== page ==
Cheney says she’s not stepping down.

“I'm not going anywhere,” she told reporters Wednesday. “This is a vote of conscience. It's one where there are different views in our conference. But our nation is facing an unprecedented, since the civil war, a constitutional crisis.”

And she has plenty of defenders in the conference, even if only nine Republicans joined her in voting to impeach Trump.

“Look, everybody cast the votes that are best for their district and their conscience. If we begin to get in internal fights, if we're going to have disagreements over the votes that are passed, that just gives Democrats wins because of our own self-inflicted internal wounds,” Rep. Rodney DavisRodney Lee DavisHouse-passed election bill takes aim at foreign interference Biden to meet with bipartisan lawmakers on infrastructure House passes voting rights and elections reform bill MORE (R-Ill.), told The Hill.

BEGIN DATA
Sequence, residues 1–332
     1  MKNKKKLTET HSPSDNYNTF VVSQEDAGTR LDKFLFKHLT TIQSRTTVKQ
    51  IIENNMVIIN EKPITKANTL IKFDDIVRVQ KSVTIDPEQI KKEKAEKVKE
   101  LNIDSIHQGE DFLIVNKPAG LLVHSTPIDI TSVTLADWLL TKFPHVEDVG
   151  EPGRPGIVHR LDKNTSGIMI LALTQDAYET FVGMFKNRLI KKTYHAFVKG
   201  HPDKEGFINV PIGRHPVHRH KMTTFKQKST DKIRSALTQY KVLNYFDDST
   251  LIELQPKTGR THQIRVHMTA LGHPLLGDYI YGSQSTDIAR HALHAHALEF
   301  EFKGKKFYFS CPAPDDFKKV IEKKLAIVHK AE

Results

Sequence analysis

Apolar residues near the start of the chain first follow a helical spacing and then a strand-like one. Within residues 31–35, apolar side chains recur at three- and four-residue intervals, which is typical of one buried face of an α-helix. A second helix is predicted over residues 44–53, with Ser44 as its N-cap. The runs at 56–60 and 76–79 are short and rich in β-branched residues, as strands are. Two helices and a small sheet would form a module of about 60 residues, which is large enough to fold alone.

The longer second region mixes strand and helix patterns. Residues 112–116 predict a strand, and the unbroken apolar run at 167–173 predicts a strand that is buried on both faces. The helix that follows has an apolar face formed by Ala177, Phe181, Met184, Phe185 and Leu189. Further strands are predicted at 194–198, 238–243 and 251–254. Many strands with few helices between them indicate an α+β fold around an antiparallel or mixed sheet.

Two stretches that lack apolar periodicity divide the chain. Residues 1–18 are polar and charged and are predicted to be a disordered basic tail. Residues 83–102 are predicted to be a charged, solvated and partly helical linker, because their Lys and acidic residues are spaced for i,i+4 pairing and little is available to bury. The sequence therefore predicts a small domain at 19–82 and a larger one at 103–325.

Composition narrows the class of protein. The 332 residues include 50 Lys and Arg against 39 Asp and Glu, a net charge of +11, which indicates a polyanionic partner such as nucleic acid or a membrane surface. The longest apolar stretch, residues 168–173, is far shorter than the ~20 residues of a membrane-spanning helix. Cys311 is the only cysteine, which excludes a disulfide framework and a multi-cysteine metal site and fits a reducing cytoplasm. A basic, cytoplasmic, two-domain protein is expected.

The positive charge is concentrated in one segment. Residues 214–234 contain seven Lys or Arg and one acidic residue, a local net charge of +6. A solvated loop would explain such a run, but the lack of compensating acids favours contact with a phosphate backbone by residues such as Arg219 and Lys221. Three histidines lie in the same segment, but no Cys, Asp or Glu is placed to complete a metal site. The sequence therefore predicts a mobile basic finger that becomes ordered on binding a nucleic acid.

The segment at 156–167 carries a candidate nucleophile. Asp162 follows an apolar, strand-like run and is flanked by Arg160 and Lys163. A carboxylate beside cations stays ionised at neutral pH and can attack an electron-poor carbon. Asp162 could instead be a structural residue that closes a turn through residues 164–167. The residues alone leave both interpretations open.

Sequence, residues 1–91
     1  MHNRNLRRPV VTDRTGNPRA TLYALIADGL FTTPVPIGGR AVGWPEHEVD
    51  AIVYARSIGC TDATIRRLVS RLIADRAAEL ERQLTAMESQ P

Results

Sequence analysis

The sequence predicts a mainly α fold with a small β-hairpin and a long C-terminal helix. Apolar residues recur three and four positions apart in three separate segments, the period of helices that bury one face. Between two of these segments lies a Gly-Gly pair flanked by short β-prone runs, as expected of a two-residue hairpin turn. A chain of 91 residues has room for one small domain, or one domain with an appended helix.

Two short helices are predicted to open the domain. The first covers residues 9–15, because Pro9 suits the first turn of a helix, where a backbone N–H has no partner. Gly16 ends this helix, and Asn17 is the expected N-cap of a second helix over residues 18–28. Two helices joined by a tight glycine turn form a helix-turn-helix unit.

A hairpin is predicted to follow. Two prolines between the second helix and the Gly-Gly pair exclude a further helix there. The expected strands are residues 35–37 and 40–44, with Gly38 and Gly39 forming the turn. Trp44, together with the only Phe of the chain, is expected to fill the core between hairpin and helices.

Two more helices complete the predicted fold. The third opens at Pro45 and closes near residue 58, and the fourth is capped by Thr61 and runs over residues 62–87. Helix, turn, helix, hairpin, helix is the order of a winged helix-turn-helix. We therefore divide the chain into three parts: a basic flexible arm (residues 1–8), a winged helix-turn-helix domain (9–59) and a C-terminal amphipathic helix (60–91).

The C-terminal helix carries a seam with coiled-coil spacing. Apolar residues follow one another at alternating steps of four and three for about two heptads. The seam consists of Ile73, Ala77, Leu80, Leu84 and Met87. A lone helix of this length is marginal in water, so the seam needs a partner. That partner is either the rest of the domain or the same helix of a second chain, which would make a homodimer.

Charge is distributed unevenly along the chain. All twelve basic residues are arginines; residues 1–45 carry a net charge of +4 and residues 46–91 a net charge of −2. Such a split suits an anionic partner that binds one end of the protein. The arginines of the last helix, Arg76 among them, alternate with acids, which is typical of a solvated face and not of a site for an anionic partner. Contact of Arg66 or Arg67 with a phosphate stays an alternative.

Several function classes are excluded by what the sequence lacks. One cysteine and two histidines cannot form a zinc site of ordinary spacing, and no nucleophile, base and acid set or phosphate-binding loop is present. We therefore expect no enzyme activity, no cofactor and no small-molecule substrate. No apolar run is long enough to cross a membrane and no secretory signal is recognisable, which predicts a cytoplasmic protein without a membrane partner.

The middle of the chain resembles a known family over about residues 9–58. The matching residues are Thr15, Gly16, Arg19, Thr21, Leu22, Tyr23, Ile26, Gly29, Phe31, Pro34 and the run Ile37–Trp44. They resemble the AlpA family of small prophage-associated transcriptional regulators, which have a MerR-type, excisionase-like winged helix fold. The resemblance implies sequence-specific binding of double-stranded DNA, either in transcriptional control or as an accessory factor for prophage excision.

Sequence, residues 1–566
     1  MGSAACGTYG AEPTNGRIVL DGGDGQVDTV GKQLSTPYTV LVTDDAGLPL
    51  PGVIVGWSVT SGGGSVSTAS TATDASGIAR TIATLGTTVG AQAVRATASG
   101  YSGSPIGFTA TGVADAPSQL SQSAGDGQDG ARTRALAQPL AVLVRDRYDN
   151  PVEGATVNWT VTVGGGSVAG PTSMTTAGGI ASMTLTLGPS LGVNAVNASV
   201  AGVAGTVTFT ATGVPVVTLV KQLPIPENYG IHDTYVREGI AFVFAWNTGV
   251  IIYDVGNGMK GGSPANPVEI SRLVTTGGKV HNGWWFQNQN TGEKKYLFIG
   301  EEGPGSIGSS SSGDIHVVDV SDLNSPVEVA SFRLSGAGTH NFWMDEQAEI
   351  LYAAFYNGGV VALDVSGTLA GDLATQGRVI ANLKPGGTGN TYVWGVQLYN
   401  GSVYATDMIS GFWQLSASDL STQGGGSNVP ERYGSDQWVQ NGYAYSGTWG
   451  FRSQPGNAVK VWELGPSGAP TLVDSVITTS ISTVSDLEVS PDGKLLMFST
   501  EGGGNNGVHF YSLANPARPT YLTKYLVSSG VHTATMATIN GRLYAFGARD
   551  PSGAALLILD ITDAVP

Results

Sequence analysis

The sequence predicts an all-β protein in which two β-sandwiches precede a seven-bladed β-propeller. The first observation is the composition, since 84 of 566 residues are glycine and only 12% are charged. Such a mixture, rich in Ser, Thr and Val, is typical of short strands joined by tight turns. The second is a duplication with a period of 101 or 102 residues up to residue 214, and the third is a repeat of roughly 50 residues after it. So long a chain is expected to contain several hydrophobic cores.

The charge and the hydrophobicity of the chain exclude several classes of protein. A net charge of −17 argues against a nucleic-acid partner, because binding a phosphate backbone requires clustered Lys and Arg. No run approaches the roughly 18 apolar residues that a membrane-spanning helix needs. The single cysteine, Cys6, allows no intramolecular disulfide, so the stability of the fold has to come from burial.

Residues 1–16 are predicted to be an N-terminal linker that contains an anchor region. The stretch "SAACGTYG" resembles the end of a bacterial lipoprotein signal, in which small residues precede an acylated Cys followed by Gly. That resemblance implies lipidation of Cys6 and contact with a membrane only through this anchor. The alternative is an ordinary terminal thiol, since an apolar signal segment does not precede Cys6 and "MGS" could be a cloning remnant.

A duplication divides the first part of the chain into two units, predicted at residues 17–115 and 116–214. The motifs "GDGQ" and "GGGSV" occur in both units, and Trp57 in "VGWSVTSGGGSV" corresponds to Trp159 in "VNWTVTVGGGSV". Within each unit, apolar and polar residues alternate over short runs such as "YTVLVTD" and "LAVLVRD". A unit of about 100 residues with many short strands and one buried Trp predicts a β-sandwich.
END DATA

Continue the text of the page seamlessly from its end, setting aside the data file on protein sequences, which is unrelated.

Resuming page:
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“I mean we're how many days into a new Congress? Twelve days? At this point in time, we've got to step up and band together to fight the Democrats who are going to run on what is happening here. And Liz has been a fighter since I've known her. I think when push comes to shove, Liz will have the support of the conference. She certainly has my support,” he added. 

Republicans hawkish on national security have also backed Cheney, who has frequently battled with Trump on defense issues.

Rep. Dan CrenshawDaniel CrenshawCrenshaw pours cold water on 2024 White House bid: 'Something will emerge' Six ways to visualize a divided America Texas lawmakers' tweets mocking California power outages resurface amid winter storm MORE (R-Texas) on Wednesday took to Twitter to praise Cheney as someone with “a hell of a lot more backbone than most, & is a principled leader with a fierce intellect.”